At any price above $18.50 at expiration, we will not take a loss. Even if the stock is at $19 on expiration, we still are ahead $0.50 before trade costs.
Although we received only $1.25 in total premium, if called out at the $20 strike price we receive an extra profit of $0.25, for a total of $1.50. This $1.50 is our maximum profit in the trade, which is why the position line becomes flat at the $1.50 profit level.
No matter how high the stock rises, then, our maximum profit remains $1.50. One who is extremely bullish on a stock over the short term might not wish to write covered calls on the stock. But this trade-off in certain premium today versus a potential gain tomorrow highlights the entire purpose of covered call writing: to force an income out of stocks; to in effect force stocks to pay us a monthly dividend.
But of course, the covered call trade is not riskless. If the stock is below $18.50 at expiration, we will take a loss, assuming no action is taken to modify the trade. For example, if the stock is at $15 at expiration, the graph shows that we would be in a $3.50 loss position. In this case, we have NOT lost $3.50, though the position obviously is impaired.
For example, even though the stock is down we could continue writing calls to generate income – the reason we bought entered the trade in the first place. Significantly, we had alternatives for managing the trade long before it got to a low point, as we will discuss in detail further on.
Covered Call Breakeven-Profit Graph
Figure 4.4 following illustrates the above covered call profit-loss potential in a slightly different schematic. The $1.50 profit zone (the gray band) lies between the $20 Call strike and the $18.50 breakeven price.
As Figure 4.4 at left shows, if the stock is $20 or higher at expiration, we realize the position’s maximum profit of $1.50.
Below $18.50, we may face a loss. It is possible to avoid exercise and to take steps to avoid or minimize a loss by managing the position, however.
If no trade modifications are made, this covered call position has a $1.50 zone of profitability. Because the call was ATM when written, there will be no extra profit to us if assignment occurs.
I firmly believe (as I discuss further on) that the stock will tell you how to write it. A review of the stock’s fundamentals, of the technical performance of the stock and its industry, and the state of the market itself will suggest which call strike to write. This table illustrates the basic strike dynamics:
Call Strike Characteristics
|Strike||Downside Protection||Level of Return (Time Value)|
|OTM||Smallest downside protection; all time value||Highest return if assigned. Returns can be poor in flat and declining markets.|
|ATM||Medium level of protection; all time value||Consistently (but not invariably) the fattest return in all markets.|
|ITM||Greatest downside protection||Generally the smallest return, but the return can be surprisingly high in a declining market or if implied volatility is high.|
The hierarchy of returns from highest to lowest generally will be: ATM, then OTM, then and ITM. The stock often is not conveniently at an ATM strike, so many times the “ATM” option actually will be near the money. An OTM call will never offer a higher uncalled return than an ATM call. When the stock price is between strikes, the OTM often will present a higher return than the lower strike call that is a bit ITM, though it will provide less downside protection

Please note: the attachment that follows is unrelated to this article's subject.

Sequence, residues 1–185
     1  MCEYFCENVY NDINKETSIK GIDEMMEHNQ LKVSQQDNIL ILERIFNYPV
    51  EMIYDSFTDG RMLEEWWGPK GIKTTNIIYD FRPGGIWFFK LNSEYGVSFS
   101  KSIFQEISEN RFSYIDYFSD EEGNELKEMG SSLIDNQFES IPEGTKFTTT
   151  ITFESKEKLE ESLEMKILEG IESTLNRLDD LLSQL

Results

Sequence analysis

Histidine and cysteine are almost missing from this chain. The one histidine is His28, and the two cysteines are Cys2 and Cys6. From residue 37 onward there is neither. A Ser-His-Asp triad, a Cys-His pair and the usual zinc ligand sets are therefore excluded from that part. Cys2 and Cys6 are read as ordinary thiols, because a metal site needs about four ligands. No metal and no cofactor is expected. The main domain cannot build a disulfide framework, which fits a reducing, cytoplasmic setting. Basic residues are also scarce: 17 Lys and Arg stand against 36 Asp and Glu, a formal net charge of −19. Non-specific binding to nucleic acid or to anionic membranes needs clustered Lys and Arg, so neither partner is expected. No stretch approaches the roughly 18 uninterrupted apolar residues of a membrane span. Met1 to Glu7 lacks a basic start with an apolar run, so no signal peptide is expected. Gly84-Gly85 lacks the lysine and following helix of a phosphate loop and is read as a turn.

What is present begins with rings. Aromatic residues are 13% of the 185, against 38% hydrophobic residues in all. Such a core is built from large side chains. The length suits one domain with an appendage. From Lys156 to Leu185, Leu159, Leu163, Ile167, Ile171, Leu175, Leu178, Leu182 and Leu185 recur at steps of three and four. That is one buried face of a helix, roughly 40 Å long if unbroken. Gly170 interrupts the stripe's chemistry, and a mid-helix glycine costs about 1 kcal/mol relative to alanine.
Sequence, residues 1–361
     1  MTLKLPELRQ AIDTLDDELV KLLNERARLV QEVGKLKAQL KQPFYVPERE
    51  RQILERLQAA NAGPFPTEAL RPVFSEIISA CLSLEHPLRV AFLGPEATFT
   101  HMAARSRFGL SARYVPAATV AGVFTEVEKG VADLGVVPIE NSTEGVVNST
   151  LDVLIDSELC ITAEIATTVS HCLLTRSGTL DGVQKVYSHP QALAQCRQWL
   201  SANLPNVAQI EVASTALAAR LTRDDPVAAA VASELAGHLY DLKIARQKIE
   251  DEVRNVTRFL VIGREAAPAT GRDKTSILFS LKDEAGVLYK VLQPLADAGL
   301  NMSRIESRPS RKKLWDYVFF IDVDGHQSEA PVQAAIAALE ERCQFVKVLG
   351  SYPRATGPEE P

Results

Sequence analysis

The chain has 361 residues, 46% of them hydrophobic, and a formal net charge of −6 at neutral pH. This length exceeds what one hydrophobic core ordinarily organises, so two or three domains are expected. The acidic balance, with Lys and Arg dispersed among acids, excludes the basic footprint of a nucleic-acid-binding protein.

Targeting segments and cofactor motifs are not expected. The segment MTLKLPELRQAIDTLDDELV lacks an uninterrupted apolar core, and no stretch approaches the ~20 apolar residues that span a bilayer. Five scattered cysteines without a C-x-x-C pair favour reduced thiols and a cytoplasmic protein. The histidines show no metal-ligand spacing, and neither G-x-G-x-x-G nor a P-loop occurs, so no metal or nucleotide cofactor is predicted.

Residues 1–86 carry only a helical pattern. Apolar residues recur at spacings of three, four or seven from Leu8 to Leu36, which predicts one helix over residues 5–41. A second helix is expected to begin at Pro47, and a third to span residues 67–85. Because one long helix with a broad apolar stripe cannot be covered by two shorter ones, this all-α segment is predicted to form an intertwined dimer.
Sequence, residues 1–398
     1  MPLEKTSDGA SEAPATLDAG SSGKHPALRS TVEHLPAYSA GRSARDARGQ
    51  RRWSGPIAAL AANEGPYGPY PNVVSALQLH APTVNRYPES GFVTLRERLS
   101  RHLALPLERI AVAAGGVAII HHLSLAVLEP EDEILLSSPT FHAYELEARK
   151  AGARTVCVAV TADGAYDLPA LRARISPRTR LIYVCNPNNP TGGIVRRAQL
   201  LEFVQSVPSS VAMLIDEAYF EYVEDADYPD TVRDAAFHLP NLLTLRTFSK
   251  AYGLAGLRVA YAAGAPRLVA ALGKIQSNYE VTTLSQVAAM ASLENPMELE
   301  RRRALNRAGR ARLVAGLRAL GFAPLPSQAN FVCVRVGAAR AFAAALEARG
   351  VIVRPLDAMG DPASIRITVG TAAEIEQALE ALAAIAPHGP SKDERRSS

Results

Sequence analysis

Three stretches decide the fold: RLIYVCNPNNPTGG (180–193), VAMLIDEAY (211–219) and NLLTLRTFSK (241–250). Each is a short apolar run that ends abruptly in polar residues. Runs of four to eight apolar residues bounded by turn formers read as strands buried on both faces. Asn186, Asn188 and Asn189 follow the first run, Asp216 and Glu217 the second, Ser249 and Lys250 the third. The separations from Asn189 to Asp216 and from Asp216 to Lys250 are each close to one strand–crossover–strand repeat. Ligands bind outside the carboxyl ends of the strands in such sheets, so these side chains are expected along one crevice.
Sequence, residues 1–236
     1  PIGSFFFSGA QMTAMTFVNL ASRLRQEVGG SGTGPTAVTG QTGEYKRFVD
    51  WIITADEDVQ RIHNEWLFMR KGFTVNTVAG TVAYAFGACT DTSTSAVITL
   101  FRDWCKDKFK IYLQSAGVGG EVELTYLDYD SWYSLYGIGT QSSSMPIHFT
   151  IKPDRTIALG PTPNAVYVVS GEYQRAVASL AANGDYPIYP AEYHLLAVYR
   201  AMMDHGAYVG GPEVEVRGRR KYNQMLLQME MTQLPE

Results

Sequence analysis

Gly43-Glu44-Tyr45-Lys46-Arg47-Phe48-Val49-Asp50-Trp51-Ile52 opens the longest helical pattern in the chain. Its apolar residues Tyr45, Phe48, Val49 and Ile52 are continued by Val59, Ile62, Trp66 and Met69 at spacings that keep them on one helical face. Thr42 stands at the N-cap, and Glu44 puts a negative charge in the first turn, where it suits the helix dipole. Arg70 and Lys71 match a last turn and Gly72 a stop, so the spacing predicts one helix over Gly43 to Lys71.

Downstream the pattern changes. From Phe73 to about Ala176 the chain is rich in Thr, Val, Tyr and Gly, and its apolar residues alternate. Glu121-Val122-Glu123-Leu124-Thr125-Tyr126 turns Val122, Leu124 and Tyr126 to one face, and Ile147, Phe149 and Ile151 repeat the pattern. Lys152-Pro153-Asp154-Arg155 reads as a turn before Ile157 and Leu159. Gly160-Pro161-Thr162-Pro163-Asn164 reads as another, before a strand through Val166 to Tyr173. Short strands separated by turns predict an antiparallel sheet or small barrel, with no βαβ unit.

The table below illustrates the relationship of call strikes to a stock price of $20.17. Despite the fact that the 20 Call is a few cents in the money and thus is near the money (NTM), it essentially is considered, and almost always will behave as, an at-the-money (ATM) strike.
Call Strike Analysis
|Strikes||Status||Premium||Intrinsic Value||Time Value||
As expected, the fattest time value is in the ATM $20 call strike, which really is slightly ITM. However, the OTM 22.5C offers nearly as much time value ($.70 vs. $.93). And if the stock is higher than $20.17 at expiration but $22.50 or less, additional profit will be realized from the sale of the stock at a price above $20.17. If bullish in the short term, the OTM call is the better bet; if not, the ATM provides a larger return uncalled. The OTM 25C is extremely bullish; if this bullish, why write the call immediately for only $0.40 in premium, which will hardly lower the cost basis? It might make more sense to buy the stock and wait to write the 25C as the stock actually advances, a far more bullish (and speculative) approach.
One who is concerned about a short-term pullback in the stock, or just very conservative, might prefer writing the ITM 17.5C, which would lower the cost basis to $16.92, even though it is a weaker return – but still is 3.4% if assigned (0.58 ÷ 16.92).
Covered call writing requires making precisely these kinds of discernments: which stock, which call strike, which expiration month?
Writing further out in time – a further expiration month – brings in more premium, but as explained earlier, premium compression will work to pick your pocket, lowering the return per month. As we have also seen, time decay is the call writer’s friend, and the further out in time we write, the less aggressively time decay works in our favor. And as we will see, delta can also pick your pocket in calls further out. For these reasons, I rarely write even the next month out unless there is not much left of the current expiration month.
One of the most vexing issues in covered writing is which strike to write. Go for the fattest premium today (ATM), go for less return but more downside protection (ITM) or go for the gold, if bullish (OTM)? The article on trade planning will shed considerable light on this determination.
And of course, selecting stocks to write for covered calls requires some care. If is not difficult, as we will see, but requires patience and discipline, as does all consistently successful investing.